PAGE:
Analysis from Katharine Neiss, chief European economist at PGIM Fixed Income
The ECB raised its deposit rate to 4% last week, an all-time high since the launch of the euro. It cited uncomfortably high headline inflation of more than 5% as the key driver of its decision. Higher interest rates signal concern among ECB policymakers that underlying inflation could become embedded. This would make it harder to get back to the bank’s 2% target.
Despite the backdrop of uncomfortably high inflation, the ECB recognised the euro area economy is cooling. So, reflecting the recent data flow, it downgraded its outlook for GDP growth to 0.7% in 2023 and 1% in 2024. It maintained its projection for underlying inflation in 2023 at 5.1% and lowered its projection for 2024 to 2.9%. These downgrades are a strong signal interest rates are unlikely to rise further.
That said, the bank is keen to message that interest rates will need to remain higher for longer. We therefore do not expect rate cuts until the data reveals a compelling downward trend in underlying inflation.
The ECB lowered its outlook for GDP growth in 2024 to 1%, but we view this as still too optimistic. Economic activity is weakening across the board, and the manufacturing slowdown is spilling over into services. Our base case calls for GDP growth of 0.5% in 2024, which is below consensus and half the ECB’s forecast. Indeed, yesterday’s hike could tip the economic balance: it risks triggering a rapid economic slowdown and below-target inflation in the medium term.
To top it off, President Christine Lagarde said there had been no discussion of ending the bank’s pandemic emergency purchase programme (PEPP) reinvestments. This was a less forceful reply than we had expected in light of investor nervousness towards Italy.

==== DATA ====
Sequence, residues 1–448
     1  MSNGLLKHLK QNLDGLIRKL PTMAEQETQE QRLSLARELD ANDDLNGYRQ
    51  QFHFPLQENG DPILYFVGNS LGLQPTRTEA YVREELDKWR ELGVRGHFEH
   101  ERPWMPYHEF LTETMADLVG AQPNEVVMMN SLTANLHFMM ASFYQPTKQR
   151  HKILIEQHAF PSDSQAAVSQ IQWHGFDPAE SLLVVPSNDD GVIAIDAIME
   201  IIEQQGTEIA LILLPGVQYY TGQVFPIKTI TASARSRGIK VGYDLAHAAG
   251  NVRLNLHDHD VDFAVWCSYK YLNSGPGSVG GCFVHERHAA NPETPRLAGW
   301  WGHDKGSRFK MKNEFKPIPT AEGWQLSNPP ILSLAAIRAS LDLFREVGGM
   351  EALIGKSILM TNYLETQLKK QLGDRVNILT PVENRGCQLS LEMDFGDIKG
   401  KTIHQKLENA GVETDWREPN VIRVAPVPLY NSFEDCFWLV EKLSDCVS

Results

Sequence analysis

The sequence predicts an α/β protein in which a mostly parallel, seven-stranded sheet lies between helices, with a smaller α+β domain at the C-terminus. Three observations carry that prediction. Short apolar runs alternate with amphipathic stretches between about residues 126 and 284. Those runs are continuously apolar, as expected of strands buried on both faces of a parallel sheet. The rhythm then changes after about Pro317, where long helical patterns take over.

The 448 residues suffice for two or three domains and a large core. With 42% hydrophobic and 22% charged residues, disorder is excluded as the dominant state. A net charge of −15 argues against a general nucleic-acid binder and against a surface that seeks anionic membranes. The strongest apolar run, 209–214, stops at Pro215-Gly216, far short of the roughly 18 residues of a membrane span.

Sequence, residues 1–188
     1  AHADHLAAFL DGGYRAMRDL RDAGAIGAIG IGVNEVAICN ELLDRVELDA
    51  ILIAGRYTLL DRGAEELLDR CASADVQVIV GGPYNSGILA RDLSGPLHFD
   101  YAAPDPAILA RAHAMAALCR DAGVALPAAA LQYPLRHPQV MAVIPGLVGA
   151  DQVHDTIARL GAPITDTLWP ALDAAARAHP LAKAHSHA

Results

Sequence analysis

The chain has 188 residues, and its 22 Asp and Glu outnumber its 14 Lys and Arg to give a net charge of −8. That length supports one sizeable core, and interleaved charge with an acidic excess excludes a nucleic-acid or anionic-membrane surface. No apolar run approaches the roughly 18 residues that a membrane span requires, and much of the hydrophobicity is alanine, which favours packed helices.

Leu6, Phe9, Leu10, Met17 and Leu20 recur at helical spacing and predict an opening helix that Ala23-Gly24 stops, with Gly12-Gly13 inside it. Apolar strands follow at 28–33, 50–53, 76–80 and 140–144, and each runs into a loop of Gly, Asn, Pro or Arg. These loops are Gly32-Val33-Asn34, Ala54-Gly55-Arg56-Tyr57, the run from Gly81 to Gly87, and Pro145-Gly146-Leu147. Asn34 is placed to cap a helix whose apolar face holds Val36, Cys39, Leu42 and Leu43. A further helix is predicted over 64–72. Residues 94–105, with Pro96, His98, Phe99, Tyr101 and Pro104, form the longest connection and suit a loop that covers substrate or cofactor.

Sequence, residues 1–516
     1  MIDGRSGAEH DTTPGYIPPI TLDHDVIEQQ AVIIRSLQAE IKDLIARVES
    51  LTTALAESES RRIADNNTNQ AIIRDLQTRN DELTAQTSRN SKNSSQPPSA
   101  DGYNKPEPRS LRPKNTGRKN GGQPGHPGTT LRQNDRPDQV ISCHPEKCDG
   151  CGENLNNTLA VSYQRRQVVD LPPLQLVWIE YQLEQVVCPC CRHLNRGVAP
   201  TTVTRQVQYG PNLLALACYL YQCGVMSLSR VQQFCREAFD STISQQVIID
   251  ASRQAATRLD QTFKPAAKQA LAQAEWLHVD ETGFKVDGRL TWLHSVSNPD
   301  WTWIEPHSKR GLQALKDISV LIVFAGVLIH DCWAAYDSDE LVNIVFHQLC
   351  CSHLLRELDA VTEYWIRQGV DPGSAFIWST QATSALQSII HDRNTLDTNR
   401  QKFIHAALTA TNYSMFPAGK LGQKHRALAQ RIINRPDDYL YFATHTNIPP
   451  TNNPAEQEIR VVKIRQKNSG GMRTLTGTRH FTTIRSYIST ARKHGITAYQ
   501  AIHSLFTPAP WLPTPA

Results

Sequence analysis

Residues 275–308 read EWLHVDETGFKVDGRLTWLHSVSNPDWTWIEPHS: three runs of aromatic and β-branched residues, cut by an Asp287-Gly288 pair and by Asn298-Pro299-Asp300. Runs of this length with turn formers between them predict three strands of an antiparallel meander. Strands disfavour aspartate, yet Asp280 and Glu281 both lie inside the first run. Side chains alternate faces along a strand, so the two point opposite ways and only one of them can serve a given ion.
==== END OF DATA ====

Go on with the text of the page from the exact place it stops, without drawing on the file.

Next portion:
Looking ahead, our base case is for stagnant growth in the euro area, coupled with high inflation and limited relief in terms of lower ECB rates. How the economy evolves from here is highly uncertain, but in our view, the balance has shifted to the downside.
Guillermo Felices, global investment strategist at PGIM Fixed Income, adds:
“In the near term, Thursday’s ECB decision may, counterintuitively, support bond markets. It signals a serious commitment to fighting inflation in the face of weakening euro area growth. That puts a lid on term yields and helps reduce volatility in European government bonds. Separately, robust US activity is helping global risk appetite.
“European risk assets, including corporate bonds, may well benefit from that combination: lower volatility means tighter euro spreads and higher equity prices.
“But the ECB’s decision to hike in the face of weak growth raises questions about possible medium-term damage to the euro area economy. Is the ECB overtightening? Probably. But, for now, risk markets are pushing that problem down the road. Investors dislike inflation-related volatility, so the less of that, the better.”